Have you just given your pup an olive and rather than eat it, he's thrown it around the room as if it were a new toy? Did he leave it full of teeth marks before abandoning it in the middle of the floor? Did you expect him to munch on what you considered to be a tasty treat, but he spat it out and refused to even look at it? If you've just offered your dog an olive and he wrinkled up his nose in disgust, you might well have surmised your dog doesn't like olives and you'd be right. A lot of dogs don't like olives, but why?
The Root of the Behavior
Sometimes the things we think taste great are just not appetizing to your dog. You might be interested to know, considering how acute a dog’s senses are, surprisingly enough their taste is not as developed as their nose, eyes, or ears. In fact, one thing they're pretty short of is taste buds. Dogs mostly rely on their sense of smell to decide if something is edible or not. What a dog classes as prospective food doesn’t have to have the aroma of roast chicken for them to find it appealing either. Something which we humans find totally repulsive may well rank at the top of your dog’s list of favorites and vice versa. While we enjoy the salty tang of an olive, to your dog, when he gives it a sniff with his super sensitive sense of smell, he probably classes the aroma an olive gives off as somewhere along the lines of being equal to stagnant sea water.
His natural instincts will make him reject consuming it as he inherently knows not to eat or drink anything which is salty. If he was still in the wild and snacked on something full of salt, he’d have to go searching for extra water to quench the thirst it gave him. That would take up valuable time which could be put to better use hunting. Dogs are by nature carnivores. It’s only us nutrition obsessed humans who worry about our five a day and making sure we have a balanced diet rich in fruit and vegetables. Our canine friends are happy just to have a full belly of protein which they much prefer, given the choice, to get from eating meat. Your dog is not going to look at an olive and think - yum, that’s good, I’d better eat it. If it doesn't run away or have blood running through its veins, to him, it's basically not very interesting.
Encouraging the Behavior
When you give your dog some human food and he doesn't gobble it down immediately, it may well be he knows, by natural instinct, that particular foodstuff is just not good for him. While it's perfectly normal as a pet owner to want to share lots of titbits, like olives, with your dog, it's not always a good idea. Many human foods contain toxins which can seriously harm your pet. To us, they're completely innocuous and we can digest them easily with no side effects, but that's not always the case when it comes to our canines. If your dog shows no interest in eating something it's much better to stop trying to give it to him.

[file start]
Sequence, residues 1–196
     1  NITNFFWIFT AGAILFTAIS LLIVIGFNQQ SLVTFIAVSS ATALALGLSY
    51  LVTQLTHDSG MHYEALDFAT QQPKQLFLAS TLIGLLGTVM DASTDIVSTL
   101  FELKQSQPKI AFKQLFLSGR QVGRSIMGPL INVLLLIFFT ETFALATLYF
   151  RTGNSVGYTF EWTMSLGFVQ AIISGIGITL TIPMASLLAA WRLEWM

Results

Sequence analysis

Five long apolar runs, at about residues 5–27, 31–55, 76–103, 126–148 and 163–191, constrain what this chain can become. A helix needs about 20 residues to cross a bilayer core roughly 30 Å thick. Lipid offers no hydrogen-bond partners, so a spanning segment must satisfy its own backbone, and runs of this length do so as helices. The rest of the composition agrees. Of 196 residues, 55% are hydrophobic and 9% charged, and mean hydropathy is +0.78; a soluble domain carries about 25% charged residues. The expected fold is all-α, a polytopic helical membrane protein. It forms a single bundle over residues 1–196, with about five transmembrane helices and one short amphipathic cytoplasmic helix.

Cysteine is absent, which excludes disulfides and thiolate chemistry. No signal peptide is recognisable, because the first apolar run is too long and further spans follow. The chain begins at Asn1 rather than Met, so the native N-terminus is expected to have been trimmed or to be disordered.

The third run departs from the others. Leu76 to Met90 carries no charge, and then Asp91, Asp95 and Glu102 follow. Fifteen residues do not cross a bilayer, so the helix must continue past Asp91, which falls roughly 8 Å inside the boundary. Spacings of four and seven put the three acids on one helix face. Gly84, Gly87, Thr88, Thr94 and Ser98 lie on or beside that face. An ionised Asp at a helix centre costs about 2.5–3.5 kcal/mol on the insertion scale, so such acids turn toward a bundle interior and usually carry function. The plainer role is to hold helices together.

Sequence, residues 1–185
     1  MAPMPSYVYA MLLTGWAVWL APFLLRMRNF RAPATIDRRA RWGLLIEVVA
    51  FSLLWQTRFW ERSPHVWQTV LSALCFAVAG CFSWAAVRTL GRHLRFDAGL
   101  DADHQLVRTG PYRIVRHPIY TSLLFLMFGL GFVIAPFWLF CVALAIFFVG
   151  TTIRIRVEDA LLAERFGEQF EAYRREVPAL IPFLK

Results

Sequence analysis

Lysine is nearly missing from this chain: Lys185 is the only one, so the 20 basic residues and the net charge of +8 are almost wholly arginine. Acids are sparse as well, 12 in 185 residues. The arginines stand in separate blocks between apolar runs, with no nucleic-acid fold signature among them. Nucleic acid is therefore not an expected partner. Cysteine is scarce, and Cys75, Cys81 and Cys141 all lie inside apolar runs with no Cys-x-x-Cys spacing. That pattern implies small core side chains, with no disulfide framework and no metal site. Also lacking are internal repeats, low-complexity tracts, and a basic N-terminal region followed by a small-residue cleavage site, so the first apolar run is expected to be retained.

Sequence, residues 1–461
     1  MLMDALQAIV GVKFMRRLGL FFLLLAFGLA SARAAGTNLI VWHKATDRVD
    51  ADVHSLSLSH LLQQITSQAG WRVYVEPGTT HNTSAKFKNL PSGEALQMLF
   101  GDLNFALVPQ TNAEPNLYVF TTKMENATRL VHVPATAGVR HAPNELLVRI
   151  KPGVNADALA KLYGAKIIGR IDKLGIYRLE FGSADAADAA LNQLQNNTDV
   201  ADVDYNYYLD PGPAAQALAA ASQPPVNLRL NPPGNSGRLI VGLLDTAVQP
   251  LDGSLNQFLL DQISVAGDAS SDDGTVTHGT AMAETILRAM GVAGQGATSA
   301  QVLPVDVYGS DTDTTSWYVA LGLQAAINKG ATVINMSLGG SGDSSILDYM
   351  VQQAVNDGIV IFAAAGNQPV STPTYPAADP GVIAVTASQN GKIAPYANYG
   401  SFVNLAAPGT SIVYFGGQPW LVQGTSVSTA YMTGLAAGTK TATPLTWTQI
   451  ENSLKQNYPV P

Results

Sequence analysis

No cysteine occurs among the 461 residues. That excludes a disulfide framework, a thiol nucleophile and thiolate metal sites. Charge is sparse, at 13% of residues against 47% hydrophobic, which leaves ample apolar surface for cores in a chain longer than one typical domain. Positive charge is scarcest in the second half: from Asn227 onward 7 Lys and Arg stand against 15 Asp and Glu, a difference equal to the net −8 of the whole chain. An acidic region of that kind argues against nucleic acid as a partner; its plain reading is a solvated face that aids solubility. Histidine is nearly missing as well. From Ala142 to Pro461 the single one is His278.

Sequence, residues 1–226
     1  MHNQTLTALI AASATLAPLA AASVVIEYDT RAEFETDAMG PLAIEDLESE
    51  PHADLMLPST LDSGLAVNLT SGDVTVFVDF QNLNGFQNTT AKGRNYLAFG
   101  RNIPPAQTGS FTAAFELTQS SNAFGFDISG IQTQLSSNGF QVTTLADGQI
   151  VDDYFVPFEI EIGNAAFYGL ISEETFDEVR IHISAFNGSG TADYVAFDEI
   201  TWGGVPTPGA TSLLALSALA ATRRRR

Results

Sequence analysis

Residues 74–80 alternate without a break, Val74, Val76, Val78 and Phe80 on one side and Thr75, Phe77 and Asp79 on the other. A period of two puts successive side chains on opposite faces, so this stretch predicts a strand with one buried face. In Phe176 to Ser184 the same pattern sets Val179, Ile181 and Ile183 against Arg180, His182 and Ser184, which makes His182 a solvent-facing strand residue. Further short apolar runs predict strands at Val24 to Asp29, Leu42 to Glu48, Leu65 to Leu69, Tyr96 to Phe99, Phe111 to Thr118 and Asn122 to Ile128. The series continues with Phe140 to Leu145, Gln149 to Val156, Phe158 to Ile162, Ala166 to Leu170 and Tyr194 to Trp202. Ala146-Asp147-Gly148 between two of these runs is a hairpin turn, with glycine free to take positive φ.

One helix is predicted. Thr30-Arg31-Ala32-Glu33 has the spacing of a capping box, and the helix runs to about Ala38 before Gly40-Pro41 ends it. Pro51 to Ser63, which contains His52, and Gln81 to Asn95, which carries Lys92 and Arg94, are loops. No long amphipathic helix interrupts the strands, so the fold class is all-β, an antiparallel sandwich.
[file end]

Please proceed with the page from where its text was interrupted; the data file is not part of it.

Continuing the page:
It can be quite amusing if your dog reacts a bit crazily when you offer him something he doesn't like. While it might be entertaining to watch and may even make you laugh out loud, you need to consider how your pet feels. He's expecting a treat then, when he finally gets his mouth around something his beloved owner has given him, all he gets is a bad tasting shock. By giving your dog something he doesn't like, you're sending him a very confusing message; especially if you're telling him he's a good boy while you're doing it. If you do it continually, not only will he be completely baffled, but you'll start to lose his trust too. Jokes are fine between humans who understand them, but not with an animal who doesn't.
Other Solutions and Considerations
Although it is a rare occurrence, if you suspect for any reason your pet might have been accidentally poisoned by eating some human food which is bad for him, the best thing to do is consult with his veterinary professional as soon as possible. If you are not sure what food to give your dog or want to be better informed about your pet's nutritional requirements, consider consulting with your vet on the subject. They will be able to tell you what the best type of food is for your pup and how much of it he should be eating to stay healthy.
Most dogs and quite a lot of people, don't like olives. A lot of dogs would sooner play with an olive rather than eat it. But if you think your dog is capable of developing a more sophisticated palate, you could try presenting him with an olive in a Martini, Bond-style, shaken not stirred. Though he probably still won't like it that way either.